If you’re someone desperately looking for a film the whole family can enjoy then this is the one for you, says Ryan Pollard who takes a closer look at director Iain Softley’s fantasy-adventure.
Based on the critically-received novel by Cornelia Funke (first in a series), Inkheart follows a father and daughter into the strange mystical world of books and literature, via his unique magical ability to bring characters to life just by reading out loud. This trait is inherited amongst a special number of people known as “Silver Tongues”, and Mortimer “Mo” Folchart (Brendan Fraser) is the honest soul in search of his long missing wife, who is lost between the pages after an unfortunate accident that required him and his daughter, Meggie (Eliza Hope Bennett), to go on the road in search of the author of this book (Jim Broadbent) whilst escaping the clutches of the villainous Capricorn (Andy Serkis).
When released at around Christmas in 2008, Inkheart unfairly got overshadowed at the box-office by cinematic garbage-piles such as Four Christmases, Marley and Me and the similarly-themed Bedtime Stories, as well as getting very sniffy reviews from critics decrying it to be “heavy on clichés and light on “charm” (What do they know?). However, as it stands, Inkheart is the true holiday treat of that year, and is undeniably one of the most underrated family films of all time. Even to this day, this is a handsomely filmed and ambitiously crafted fantasy adventure that has a lot going for it, and demonstrates that family movies don’t have to be stupid to be accepted.
The film is helmed by Iain Softley, who is one of Britain’s most versatile, as well as underrated, directors, who has worked in many different genres, and whatever he does, he does it really well with pure care and affection. This is clearly evident through his filmography, including Backbeat, Wings of the Dove, K-PAX, and the equally underrated Hackers (which famously launched the career of Angelina Jolie), which like Inkheart also proved that films targeted at younger audiences need to be neither trite nor insulting. What’s remarkable is that it’s taking a book that is essentially about books, which can be a very difficult thing to adapt for the big screen, and yet the film translates that high concept in a way that even the youngest viewers can understand the complexity involved in the story.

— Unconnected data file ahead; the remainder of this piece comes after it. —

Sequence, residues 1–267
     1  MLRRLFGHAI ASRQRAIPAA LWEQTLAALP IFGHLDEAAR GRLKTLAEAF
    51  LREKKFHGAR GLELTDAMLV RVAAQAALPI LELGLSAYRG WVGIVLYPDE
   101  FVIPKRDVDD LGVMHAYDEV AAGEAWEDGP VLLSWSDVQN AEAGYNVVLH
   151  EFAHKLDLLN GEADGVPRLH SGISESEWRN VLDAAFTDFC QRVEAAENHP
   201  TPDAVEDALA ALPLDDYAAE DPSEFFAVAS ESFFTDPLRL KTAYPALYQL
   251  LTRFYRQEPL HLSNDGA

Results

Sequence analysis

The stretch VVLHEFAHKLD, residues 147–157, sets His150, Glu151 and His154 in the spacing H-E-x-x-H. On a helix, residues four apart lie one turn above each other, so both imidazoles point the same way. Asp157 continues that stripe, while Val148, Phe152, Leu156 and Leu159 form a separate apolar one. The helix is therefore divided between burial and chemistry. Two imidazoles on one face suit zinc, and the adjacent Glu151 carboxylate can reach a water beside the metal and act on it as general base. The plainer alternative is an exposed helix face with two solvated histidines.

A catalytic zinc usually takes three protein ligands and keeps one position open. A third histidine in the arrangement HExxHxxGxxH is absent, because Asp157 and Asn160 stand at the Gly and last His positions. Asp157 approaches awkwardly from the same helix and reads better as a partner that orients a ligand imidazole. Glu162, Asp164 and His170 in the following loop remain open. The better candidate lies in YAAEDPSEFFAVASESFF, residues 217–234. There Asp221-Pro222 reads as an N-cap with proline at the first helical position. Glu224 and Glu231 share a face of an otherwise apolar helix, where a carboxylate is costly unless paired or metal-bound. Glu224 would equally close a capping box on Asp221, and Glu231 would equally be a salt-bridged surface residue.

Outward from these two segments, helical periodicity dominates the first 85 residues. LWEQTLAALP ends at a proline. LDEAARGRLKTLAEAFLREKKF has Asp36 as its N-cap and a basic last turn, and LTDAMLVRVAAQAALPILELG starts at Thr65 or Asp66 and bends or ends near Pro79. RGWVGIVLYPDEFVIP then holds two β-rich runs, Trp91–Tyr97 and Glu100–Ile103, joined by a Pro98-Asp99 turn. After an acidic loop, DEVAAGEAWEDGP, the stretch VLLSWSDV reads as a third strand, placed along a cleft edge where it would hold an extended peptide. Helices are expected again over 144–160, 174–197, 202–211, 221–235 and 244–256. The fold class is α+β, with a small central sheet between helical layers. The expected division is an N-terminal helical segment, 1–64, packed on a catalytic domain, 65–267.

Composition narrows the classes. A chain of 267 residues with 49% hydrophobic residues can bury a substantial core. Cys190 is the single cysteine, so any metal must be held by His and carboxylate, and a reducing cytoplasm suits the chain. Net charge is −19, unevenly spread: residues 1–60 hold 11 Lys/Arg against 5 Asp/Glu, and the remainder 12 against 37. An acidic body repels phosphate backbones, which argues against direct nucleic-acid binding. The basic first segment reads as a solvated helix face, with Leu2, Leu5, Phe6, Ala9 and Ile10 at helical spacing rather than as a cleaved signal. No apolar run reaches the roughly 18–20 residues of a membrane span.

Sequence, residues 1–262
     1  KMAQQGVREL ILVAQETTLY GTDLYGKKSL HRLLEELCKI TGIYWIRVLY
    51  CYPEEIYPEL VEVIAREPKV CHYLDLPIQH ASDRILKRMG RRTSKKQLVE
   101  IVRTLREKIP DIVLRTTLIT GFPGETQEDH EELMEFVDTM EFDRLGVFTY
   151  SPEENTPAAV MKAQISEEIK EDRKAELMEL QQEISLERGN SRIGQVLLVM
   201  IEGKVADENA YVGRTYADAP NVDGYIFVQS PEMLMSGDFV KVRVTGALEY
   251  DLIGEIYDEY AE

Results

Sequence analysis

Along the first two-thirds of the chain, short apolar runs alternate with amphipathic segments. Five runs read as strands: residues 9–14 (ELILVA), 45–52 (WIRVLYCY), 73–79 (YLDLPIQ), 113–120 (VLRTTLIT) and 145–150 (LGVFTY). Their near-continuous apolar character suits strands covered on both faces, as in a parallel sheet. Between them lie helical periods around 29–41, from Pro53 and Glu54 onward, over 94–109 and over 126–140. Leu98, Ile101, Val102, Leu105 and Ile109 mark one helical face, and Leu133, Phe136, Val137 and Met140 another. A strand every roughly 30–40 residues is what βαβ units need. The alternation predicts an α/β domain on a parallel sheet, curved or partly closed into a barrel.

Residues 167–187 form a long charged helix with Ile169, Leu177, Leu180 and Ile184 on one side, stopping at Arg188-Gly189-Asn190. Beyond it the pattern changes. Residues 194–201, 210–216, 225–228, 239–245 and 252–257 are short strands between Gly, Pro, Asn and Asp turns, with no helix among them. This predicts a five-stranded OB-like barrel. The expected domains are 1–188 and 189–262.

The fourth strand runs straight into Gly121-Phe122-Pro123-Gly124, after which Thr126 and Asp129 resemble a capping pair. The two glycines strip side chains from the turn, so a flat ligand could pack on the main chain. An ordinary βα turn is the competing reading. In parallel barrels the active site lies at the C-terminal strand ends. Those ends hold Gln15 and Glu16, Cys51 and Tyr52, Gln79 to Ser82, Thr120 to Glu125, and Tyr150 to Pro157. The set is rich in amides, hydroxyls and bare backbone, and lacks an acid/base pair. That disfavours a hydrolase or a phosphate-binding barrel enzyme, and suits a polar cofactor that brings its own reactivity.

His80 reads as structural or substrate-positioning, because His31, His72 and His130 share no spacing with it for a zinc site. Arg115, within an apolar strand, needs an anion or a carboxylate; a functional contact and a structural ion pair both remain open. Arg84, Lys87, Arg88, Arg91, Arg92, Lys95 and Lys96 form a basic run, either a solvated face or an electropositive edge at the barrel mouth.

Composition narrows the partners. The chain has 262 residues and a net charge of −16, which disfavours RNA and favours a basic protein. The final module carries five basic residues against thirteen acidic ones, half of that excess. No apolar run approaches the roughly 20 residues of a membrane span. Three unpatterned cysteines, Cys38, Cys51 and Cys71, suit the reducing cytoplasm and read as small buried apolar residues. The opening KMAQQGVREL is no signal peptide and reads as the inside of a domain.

The cinematography is gorgeous throughout and Roger Pratt manages to give this film a vibrancy that perfectly goes well with the narrative. Pratt is known to be a frequent collaborator of Terry Gilliam, and there are clear echoes of Gilliam and Guillermo del Toro in here, which is no bad thing at all. The Italian locales combined with the set design makes a richly dense world you can easily lose yourself in, and while the special effects are variable at best, the practical scenery more than makes up for it in spades. It is essentially British in its production and there’s real UK talent right at the heart of it.
The film has an outstanding cast and everyone here is pretty much at the top of their game; the lunk-jawed Brendan Fraser gives a perfectly solid performance as the apparent main hero of the piece, however, whilst Fraser gets top-billing, the real star of the film is undoubtedly Paul Bettany. Bettany has always been one of our great acting talents, and here, he completely steals the movie from under Brendan Fraser’s nose as the shifty fire-breathing juggler, giving off a charismatic performance that refuses to completely fit the mould of either hero or villain, plus his rapport with Eliza Hope Bennett is particularly strong. Bennett herself is a real revelation, carrying most of the film through her naturalistic charm and likeability, which makes her a real rising star to watch out for in the future. As for the rest of the cast, we have a charming Jim Broadbent, a haughty Helen Mirren, a nuanced Sienna Guillory and a fearsome, yet scenery-chewing, Andy Serkis, who is fantastic as ever.
In the end, what makes Inkheart special from the usual family-fair that gets dished out at cinemas and on TV is that it has real heart and soul. It’s charming, whimsical, has dazzling imagery, an intelligent narrative driving it and really wonderful performances. But the real hero is Iain Softely, who has made a film that, even though unperformed at the time of its theatrical release, deserves multiple viewings and makes for essential family wathcing. If you’re someone who is desperately looking for a film the whole family can enjoy, then this is the one for you.